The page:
(feat.) An Open Dialogue About Western Beauty Standards
Let me just start out by saying this: I never thought I was pretty growing up. From the ages of 8-16, I have zero photos of myself. Zero. My mom would beg me to smile, to pose for this or that picture… and I will admit, there were some I did, but those photographs never saw the light of day again.
While I realize that the word pretty is subjective, the general consensus in the Western world seems to be an unspoken standard of long blonde or chestnut brown hair, ski-slope nose, legs like Giselle, with light green or blue almond-shaped eyes, a flat stomach, and a honeyed complexion (not too light and not too dark) to boot.
You may be sitting there rolling your eyes, chalking it all up to just being a figment of my imagination– but is it really? Just a quick look at current idolized mainstream celebrities proves otherwise. Need I note that Megan Fox, Alexis Ren, Kylie Jenner, the Hadids, Adriana Lima, Angelina Jolie, Cara Delevingne, Jennifer Lawrence, and Hailey Baldwin are all worshipped and hashtagged as #goals almost daily?
I bet I’m not the first to notice the commonalities running between nearly every popular social media influencer and celebrity of our day and age. Same as above– blonde or brunette, with legs that stretch on for miles, light eyes, and a flat stomach.
Let that sink in.
As a child, I never thought I was pretty.
Growing up in a predominantly white town did have its perks (I say with dripping sarcasm)– like being asked where my parents were from on an almost daily basis and waving off regular questions about my ethnicity. However, none of those things really bothered me until I got to elementary school.
I distinctly remember being teased on the playground for having darker skin than my peers, a flat nose, and “weird eyes”. I’m not saying this to get sympathy, I’m just saying it how it is… and reflecting on the experiences that ended up shaping how I viewed myself for the rest of my life.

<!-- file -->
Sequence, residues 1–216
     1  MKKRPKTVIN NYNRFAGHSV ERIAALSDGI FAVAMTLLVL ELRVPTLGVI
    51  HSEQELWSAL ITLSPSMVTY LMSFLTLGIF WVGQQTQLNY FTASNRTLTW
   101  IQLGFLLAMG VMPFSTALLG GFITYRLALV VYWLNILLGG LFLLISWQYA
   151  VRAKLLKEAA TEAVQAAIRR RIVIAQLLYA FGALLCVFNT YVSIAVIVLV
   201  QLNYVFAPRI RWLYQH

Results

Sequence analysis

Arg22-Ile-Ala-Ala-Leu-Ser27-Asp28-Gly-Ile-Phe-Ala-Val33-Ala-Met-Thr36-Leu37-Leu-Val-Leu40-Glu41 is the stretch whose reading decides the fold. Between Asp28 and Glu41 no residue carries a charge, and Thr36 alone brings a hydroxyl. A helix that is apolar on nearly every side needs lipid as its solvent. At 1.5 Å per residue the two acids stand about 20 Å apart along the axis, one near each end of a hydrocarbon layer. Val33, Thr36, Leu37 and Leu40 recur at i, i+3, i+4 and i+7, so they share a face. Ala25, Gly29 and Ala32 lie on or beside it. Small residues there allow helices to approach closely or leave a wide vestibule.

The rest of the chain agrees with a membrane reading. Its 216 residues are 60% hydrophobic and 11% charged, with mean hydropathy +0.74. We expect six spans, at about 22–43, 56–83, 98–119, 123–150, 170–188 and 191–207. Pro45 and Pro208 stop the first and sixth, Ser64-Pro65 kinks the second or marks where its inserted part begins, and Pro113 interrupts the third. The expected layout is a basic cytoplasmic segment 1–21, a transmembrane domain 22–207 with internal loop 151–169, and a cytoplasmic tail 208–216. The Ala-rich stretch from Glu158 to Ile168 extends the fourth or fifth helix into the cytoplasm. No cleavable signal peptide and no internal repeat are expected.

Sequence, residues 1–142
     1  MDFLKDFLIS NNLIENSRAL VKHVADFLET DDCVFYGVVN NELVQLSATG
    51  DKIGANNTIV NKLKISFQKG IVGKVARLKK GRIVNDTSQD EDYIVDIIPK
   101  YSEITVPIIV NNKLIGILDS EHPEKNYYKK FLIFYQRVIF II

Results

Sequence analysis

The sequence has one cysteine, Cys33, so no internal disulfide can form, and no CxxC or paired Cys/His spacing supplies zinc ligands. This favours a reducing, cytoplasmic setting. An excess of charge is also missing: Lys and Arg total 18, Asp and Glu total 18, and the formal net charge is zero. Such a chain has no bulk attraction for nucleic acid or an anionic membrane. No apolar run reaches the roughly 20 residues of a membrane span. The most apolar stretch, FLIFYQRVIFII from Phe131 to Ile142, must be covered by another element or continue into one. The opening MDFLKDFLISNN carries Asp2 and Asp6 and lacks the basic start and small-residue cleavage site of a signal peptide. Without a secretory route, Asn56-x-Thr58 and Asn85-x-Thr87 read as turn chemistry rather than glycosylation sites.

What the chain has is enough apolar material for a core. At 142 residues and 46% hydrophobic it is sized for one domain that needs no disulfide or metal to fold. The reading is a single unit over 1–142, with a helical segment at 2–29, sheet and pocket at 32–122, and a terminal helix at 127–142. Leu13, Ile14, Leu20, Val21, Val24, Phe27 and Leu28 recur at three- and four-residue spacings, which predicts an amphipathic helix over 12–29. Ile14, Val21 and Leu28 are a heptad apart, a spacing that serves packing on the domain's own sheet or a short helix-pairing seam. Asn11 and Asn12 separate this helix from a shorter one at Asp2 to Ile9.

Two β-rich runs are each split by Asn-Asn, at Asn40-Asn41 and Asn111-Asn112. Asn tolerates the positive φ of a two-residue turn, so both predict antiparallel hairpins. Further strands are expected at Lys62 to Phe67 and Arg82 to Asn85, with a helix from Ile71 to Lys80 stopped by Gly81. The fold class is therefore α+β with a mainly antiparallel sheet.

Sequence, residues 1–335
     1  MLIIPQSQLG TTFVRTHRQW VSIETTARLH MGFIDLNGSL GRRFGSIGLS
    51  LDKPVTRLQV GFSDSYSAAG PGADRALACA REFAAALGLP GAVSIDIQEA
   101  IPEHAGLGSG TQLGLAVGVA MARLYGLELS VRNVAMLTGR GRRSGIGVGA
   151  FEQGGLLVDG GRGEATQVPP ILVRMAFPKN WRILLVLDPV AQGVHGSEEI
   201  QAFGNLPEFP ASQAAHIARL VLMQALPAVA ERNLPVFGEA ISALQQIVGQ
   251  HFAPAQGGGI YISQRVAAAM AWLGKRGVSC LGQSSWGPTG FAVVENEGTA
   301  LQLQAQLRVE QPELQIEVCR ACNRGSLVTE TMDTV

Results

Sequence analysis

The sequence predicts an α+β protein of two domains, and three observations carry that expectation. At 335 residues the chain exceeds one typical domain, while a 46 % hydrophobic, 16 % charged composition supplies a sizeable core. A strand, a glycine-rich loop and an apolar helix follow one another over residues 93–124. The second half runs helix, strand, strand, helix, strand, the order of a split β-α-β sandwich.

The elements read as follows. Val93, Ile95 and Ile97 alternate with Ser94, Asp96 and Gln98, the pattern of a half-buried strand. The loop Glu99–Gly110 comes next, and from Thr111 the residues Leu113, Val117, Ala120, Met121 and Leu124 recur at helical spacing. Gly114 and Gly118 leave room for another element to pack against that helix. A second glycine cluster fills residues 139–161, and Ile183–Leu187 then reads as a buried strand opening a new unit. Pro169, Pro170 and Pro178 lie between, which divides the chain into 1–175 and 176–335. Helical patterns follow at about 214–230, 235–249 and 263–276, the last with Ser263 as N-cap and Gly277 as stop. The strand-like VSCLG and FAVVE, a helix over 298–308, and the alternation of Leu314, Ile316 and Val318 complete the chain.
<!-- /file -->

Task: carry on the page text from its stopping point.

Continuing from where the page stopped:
I never thought I was pretty.
After all, how could I? Really… when you were surrounded by little blonde haired, blue eyed children who took every opportunity they could to make it known to you that you just didn’t fit in, you started to believe it. While I know it was just insecure bullying in retrospect, as a kid– it sucks. You start to feel ugly just by nature of who you are and how you were born– and over time, you start to feel that ugliness from the inside, rather than out.
It wasn’t until I really sat down to think about it now, at twenty years old, did I realize that I didn’t feel ugly simply because of the childhood taunts I endured, but also because I was inundated with pop culture celebrities I just couldn’t relate to and would never look like in my life. I can’t remember how many times I looked in the mirror and wished I had a straighter nose, or blonde hair. My feeling of sheer ugliness didn’t just come from the children on the playground, but the environment and the world I was raised in. Society not only reminded me on a daily basis of how I failed to fit in, but also the ways specifically in which I was supposed to be beautiful but wasn’t.
I never thought I was pretty.
Asian and minority representation in mainstream media is grossly insufficient to where it should be in our socially conscientious society. When was the last time you saw an Asian lead in a movie that wasn’t centered around assassins, nerdy Asians, Kung-Fu masters, prostitutes, or Dragon-whisperers? Right… I can’t really think of one either.